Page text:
Trimble Inc.
TRIMBLE INC. (Form: DEF 14A, Received: 03/23/2017 17:02:40)

 

 

UNITED STATES

SECURITIES AND EXCHANGE COMMISSION

Washington, D.C. 20549

SCHEDULE 14A INFORMATION

Proxy Statement Pursuant to Section 14(a) of the

Securities Exchange Act of 1934

(Amendment No.     )

Filed by the Registrant ☒                            Filed by a Party other than the Registrant ☐

Check the appropriate box:

 

   Preliminary Proxy Statement
   Confidential, for Use of the Commission Only (as permitted by Rule 14a-6(e)(2))
   Definitive Proxy Statement
   Definitive Additional Materials
   Soliciting Material under Rule 14a-12

Trimble Inc.

(Name of registrant as specified in its charter)

(Name of person(s) filing proxy statement, if other than the registrant)

Payment of Filing Fee (Check the appropriate box):

  No fee required.
  Fee computed on table below per Exchange Act Rules 14a-6(i)(4) and 0-11.
  (1)  

Title of each class of securities to which transaction applies:

 

 

  (2)  

Aggregate number of securities to which transaction applies:

 

 

  (3)  

Per unit price or other underlying value of transaction computed pursuant to Exchange Act Rule 0-11 (set forth the amount on which the filing fee is calculated and state how it was determined):

 

 

  (4)  

Proposed maximum aggregate value of transaction:

 

 

  (5)  

Total fee paid:

 

 

  Fee paid previously with preliminary materials.
  Check box if any part of the fee is offset as provided by Exchange Act Rule 0-11(a)(2) and identify the filing for which the offsetting fee was paid previously. Identify the previous filing by registration statement number, or the Form or Schedule and the date of its filing.
  (1)  

Amount Previously Paid:

 

 

  (2)  

Form, Schedule or Registration Statement No.:

 

 

  (3)  

Filing Party:

 

 

  (4)  

Date Filed:

 

 

 

 

 


TRIMBLE INC.

NOTICE OF ANNUAL MEETING OF STOCKHOLDERS

MAY 2, 2017

T O T HE S TOCKHOLDERS :

NOTICE IS HEREBY GIVEN that the annual meeting of stockholders ( “Annual Meeting” ) of Trimble Inc. (the “Company” ) will be held at 945 Stewart Drive, Sunnyvale, California 94085 in the Orion Conference Room, on Tuesday, May 2, 2017, at 5:30 p.m. local time, for the following purposes:

 

  1. To elect directors to serve for the ensuing year and until their successors are elected.

 

  2. To hold an advisory vote on approving the compensation for our Named Executive Officers.

 

  3. To hold an advisory vote on the frequency of holding a vote on approving the compensation for our Named Executive Officers.

 

  4. To ratify the appointment of Ernst & Young LLP as the independent auditor of the Company for the current fiscal year ending December 29, 2017.

 

  5. To approve amendments to the Company’s Amended and Restated 2002 Stock Plan, including to increase the number of shares authorized for issuance by 12,000,000.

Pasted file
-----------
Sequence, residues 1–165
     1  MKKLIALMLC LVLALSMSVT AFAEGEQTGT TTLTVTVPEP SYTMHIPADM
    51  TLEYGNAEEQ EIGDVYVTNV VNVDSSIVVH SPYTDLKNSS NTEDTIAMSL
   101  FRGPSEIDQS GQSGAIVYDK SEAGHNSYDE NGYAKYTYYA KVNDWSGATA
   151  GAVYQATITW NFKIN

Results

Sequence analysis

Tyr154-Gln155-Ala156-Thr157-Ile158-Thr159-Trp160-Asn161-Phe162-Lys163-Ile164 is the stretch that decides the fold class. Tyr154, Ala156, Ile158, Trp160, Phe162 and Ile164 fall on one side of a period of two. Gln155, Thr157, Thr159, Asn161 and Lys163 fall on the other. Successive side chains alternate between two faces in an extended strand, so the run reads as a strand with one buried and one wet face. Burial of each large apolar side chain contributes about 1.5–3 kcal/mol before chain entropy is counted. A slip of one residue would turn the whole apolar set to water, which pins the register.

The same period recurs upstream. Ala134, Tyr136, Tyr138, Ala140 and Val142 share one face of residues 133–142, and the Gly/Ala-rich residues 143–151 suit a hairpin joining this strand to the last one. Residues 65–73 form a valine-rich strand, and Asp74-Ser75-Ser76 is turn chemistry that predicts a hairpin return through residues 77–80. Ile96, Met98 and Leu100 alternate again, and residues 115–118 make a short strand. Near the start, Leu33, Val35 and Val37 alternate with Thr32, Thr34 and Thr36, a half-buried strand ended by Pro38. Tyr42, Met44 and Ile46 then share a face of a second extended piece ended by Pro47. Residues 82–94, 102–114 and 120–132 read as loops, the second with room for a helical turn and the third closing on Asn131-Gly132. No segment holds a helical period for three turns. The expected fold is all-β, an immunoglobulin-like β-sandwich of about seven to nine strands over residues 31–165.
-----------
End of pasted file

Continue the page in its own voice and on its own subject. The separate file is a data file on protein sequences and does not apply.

6. To approve amendments to the Company’s Amended and Restated Employee Stock Purchase Plan, including to extend the term of the plan.

The foregoing items of business are more fully described in the Proxy Statement accompanying this notice. Only stockholders of record at the close of business on March 6, 2017 will be entitled to notice of and to vote at the Annual Meeting or any adjournment thereof.

All stockholders are cordially invited to attend the Annual Meeting in person. However, to ensure your representation at the meeting, you are urged to vote via the internet or by telephone or, if you requested to receive printed proxy materials, by mailing a proxy, in accordance with the detailed instructions on your proxy card. Any stockholder attending the meeting may vote in person even if such stockholder previously voted via the internet, by telephone or by returning a proxy.

As in prior years, we are using the U.S. Securities and Exchange Commission’s “notice and access” rules that allow companies to furnish proxy materials to their stockholders primarily over the internet. This means most of our stockholders will receive only a notice containing instructions on how to access the proxy materials over the internet and vote online. We believe that this process should expedite stockholders’ receipt of proxy materials, lower the costs of our Annual Meeting, and help reduce the environmental impact of our Annual Meeting.

On approximately March 23, 2017, we mailed to our stockholders (other than those who previously requested electronic or paper delivery) a notice of internet availability of proxy materials ( “Notice” ) containing instructions on how to access our proxy materials, including our proxy statement and our annual report. The Notice also included instructions on how to receive a paper copy of our Annual Meeting materials, including the notice of Annual Meeting, proxy statement and proxy card. If you received your Annual Meeting materials by mail, the notice of Annual Meeting, proxy statement, and proxy card from our Board of Directors were enclosed. If you received your Annual Meeting materials via e-mail, the e-mail contained voting instructions and links to the annual report and the proxy statement on the internet, which are both available at http://investor.trimble.com/annuals.cfm .

 

Sunnyvale, California

March 23, 2017

    

For the Board of Directors,

Ulf J. Johansson

Chairman of the Board